Ever notice how everything is a crisis lately or, even better, a meltdown? It seems as if every article I read on storage, virtualization or just about anything else in IT starts with "given the economic crisis, downturn, or disaster." I include myself among the guilty, by the way. Do you ever get the feeling we have made the situation worse? That we have talked (or written) ourselves into a deeper hole than there actually was?
I am not minimizing the negative effect of the mortgage fiasco of last summer, nor am I saying that if you, unfortunately, are among the unemployed that this is not a serious situation for you. But to compare this situation to the Great Depression or the misery index of 1979 or even the IT bubble burst of 2001 is a bit dramatic and, for the most part, overstated, especially from an IT perspective.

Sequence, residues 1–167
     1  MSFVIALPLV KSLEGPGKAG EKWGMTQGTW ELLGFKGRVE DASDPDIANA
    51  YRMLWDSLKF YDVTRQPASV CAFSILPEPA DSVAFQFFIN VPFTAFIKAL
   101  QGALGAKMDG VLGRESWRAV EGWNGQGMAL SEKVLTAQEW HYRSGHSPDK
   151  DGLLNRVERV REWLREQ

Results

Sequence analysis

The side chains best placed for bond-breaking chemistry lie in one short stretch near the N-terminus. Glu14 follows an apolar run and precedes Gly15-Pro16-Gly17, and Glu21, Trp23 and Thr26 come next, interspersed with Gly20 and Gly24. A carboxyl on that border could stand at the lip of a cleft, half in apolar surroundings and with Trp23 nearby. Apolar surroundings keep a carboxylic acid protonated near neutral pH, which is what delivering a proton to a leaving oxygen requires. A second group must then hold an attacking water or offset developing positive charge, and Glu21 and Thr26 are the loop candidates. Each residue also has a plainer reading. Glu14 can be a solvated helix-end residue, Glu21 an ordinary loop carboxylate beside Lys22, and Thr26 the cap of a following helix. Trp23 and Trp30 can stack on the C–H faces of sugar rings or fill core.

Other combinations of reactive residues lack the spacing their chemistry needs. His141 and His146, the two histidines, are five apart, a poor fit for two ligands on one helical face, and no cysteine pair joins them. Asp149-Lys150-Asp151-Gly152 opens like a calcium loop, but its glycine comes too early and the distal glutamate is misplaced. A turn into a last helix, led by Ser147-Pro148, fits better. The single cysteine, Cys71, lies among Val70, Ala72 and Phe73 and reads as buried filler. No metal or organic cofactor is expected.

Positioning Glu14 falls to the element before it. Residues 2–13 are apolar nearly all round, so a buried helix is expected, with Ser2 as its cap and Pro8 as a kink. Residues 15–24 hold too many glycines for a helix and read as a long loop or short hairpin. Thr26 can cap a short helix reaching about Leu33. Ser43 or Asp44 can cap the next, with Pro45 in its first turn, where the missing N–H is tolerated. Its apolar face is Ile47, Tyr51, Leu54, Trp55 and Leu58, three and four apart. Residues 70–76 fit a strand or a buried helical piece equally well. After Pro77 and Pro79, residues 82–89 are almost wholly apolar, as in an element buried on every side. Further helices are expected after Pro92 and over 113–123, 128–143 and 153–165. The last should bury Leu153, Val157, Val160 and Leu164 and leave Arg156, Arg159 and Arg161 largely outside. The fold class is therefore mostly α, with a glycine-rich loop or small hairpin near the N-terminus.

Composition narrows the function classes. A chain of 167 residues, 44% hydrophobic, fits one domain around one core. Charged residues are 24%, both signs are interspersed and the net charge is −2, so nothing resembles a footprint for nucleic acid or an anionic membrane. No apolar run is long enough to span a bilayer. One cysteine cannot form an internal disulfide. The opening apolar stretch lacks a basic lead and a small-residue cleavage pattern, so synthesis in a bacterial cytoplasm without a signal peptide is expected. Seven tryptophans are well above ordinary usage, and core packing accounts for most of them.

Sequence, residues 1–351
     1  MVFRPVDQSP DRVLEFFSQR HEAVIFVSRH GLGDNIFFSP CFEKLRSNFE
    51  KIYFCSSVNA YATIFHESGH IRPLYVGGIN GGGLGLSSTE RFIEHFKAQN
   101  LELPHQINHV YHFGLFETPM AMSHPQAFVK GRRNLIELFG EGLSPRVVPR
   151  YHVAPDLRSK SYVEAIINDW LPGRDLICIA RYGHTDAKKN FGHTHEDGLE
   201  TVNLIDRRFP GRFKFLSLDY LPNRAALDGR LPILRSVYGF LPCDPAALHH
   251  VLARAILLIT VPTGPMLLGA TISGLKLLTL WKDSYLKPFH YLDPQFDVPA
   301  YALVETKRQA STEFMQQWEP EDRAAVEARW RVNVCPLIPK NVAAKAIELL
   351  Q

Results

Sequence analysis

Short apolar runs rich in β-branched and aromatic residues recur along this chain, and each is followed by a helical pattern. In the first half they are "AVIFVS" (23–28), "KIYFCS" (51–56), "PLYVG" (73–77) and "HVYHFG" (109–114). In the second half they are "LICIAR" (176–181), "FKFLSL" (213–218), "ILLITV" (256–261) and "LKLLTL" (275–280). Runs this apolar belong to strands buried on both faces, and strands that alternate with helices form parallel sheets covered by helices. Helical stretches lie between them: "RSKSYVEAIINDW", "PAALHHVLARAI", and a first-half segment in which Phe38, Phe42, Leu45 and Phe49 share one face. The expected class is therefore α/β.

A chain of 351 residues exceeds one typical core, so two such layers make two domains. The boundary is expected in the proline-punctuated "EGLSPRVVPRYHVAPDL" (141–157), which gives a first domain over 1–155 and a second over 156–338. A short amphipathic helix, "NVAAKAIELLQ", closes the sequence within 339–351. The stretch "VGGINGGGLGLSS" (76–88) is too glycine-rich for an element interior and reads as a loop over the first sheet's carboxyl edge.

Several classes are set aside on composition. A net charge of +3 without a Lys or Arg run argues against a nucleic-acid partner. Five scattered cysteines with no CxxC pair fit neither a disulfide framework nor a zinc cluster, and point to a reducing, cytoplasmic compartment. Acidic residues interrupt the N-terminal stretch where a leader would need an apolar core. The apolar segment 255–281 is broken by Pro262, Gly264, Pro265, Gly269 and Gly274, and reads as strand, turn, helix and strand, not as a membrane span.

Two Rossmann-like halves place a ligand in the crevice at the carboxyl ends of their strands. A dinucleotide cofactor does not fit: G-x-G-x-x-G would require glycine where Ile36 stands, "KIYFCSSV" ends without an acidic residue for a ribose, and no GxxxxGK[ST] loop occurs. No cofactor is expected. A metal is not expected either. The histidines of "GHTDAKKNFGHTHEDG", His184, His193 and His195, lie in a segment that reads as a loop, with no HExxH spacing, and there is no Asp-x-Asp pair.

This is backed up by the recent Symantec "2008 State of the Data Center Survey," where 84 percent of budgets were set to increase or stay the same over the next 12 months. In fairness, the survey was taken right at the beginning of the "crisis," but, according to Symantec, they re-sampled again a few months into it and have compared notes with other researchers, and they stand by their numbers.
Think about that -- 84 percent! Interestingly, what the spending focus of these budgets tends to be on is optimization of what is already in the data center and controlling costs. This means further optimization of the server virtualization, and better storage utilization through archive and data compression or deduplication.
It is not just further optimization and efficiency that is on the minds of these CIOs. Disaster recovery, always popular when people are worried about the economy, is still capturing their attention. One in three stated that their plan was inadequate, citing remote offices and virtual servers as key issues.